dance for the time being


dance for the time being is the continuous development of solos and duets through engagement in a regularly sustained performance practice.

This work attempts to engage audience empathy through a highly developed aesthetic of the quotidian. It is concerned with developing a shared physical practice for dancers based in technical insights into the body that Russell Dumas terms "managing instability‟. After many years of researching movement-based practices from interdisciplinary and cross-cultural perspectives, Russell has attempted to understand and articulate commonalities. The shared basis of human movement was running rather than walking or standing still.

Human locomotion is based on falling, which is our relationship to the force of gravity. How we stand and walk is culturally specific, but our ability to run has been determined through the evolution of homo sapiens as a species, i.e. we all run the same way and with the same deep contra lateral efficiency.

Much of the movement vocabulary used in dance for the time being will investigate bodily instability and its relationship to audience empathy.

After performing in companies including The Royal Ballet, Netherlands Dance Theatre, The Gulbenkian Ballet and others in Europe, and with Trisha Brown and Twyla Tharp in New York, Russell Dumas founded Dance Exchange in 1976. His choreography, presented under the company‟s name ever since, constitutes one of the most distinctive and original bodies of Australian dance work. Dance Exchange represents, uniquely, the legacy of American modern and post-modern (as opposed to European contemporary) dance in Australia. Dumas's dance style has been described a "sensuous, non-decorative, pedestrian classicism‟ (Larousse Dictionnaire de la Danse 1999). With its deceptive simplicity, this aesthetic, present in all Dumas's choreographies, requires a prolonged and rigorous work with dancers. Each dance and each performance grows out of this work. The dancing, free of narrative, psychological or other theatrical overtones is a testament to kinaesthetic intelligence and an ode to the simple, always surprising, sometimes humorous beauty of human bodies-in-action. Awards include the Jury Prize for International Video Dance Festival, Sete, 1990 for Approaching Sleipner Junction.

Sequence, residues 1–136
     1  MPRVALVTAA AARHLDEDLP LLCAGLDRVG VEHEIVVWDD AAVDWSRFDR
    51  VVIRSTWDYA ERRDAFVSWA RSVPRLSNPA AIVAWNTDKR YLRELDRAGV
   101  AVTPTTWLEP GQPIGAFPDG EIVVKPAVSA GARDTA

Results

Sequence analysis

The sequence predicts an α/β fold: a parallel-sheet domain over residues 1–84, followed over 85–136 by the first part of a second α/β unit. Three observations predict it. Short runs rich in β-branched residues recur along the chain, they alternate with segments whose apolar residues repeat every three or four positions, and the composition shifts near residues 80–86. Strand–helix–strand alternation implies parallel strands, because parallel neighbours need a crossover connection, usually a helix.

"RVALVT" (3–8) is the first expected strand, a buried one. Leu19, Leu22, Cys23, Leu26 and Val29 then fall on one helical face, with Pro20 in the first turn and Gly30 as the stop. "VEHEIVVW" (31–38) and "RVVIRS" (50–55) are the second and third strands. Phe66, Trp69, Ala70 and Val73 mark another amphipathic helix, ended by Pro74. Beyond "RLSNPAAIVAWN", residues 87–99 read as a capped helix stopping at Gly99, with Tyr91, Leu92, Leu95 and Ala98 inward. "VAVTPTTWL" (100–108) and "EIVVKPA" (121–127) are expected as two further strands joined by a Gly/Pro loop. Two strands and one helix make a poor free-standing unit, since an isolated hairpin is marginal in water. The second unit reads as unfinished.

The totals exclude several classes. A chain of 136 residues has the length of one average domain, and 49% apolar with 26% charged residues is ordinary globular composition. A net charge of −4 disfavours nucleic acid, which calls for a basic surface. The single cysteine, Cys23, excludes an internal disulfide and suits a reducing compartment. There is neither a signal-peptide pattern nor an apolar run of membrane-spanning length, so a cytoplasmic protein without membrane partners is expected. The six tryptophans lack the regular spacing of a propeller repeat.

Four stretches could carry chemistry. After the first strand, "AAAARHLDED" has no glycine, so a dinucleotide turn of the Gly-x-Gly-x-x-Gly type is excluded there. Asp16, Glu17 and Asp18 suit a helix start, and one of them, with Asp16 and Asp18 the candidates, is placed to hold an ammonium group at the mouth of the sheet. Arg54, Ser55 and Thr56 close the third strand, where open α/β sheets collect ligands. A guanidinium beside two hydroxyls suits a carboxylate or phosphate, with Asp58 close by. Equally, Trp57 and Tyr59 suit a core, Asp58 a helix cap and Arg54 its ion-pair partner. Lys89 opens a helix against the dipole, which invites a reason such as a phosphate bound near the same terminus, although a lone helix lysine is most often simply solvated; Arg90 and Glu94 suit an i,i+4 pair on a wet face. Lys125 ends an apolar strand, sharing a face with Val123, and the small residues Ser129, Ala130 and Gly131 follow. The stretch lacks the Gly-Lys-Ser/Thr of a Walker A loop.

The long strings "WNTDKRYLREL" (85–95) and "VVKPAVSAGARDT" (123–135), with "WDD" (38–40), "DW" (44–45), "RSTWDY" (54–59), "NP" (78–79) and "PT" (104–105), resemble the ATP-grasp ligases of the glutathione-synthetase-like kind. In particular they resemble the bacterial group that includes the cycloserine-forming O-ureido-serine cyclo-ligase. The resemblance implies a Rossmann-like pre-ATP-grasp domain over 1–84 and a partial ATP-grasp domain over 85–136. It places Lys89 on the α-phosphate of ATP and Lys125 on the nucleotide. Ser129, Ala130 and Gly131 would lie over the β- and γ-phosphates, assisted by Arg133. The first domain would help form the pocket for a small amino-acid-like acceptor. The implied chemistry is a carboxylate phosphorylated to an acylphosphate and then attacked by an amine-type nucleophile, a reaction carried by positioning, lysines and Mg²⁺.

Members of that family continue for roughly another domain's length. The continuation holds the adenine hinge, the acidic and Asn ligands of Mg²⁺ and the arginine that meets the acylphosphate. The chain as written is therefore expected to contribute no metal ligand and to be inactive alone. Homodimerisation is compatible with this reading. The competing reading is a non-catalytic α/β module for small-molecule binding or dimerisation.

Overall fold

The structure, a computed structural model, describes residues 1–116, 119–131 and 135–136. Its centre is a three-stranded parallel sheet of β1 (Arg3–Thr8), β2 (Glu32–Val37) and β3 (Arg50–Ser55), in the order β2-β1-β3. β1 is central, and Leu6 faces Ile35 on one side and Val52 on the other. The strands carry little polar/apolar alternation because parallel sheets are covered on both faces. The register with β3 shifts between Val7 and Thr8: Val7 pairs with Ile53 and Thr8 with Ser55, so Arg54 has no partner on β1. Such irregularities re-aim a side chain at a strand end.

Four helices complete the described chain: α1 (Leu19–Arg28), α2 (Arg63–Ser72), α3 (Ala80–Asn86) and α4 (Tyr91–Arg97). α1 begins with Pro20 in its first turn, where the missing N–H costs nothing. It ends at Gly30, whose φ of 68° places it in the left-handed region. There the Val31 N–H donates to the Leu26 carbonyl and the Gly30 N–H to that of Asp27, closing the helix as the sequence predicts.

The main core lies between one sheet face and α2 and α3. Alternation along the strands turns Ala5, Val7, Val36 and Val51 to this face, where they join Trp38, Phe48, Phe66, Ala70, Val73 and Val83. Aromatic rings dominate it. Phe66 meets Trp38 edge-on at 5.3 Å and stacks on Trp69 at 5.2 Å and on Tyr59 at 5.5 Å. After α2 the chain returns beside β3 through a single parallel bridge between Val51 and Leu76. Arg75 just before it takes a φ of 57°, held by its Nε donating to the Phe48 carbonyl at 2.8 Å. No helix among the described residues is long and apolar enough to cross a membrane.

Artists: Jonathan Sinatra, Nicole Jenvey, Linda Sastradipradja, Rachel Doust, David Huggins and guest participants.

When: Friday 2 to Sunday 4 March
Time: 5.00pm - 8.00pm (come anytime, stay as long as you please)
Where: Upstairs Studio, Dancehouse
Tickets: $20 full, $17 concession and DH members (valid for the season)
Book now: call 03 9437 2860 or email

There is no disability access for this space.

Image: Jonathan Sinatra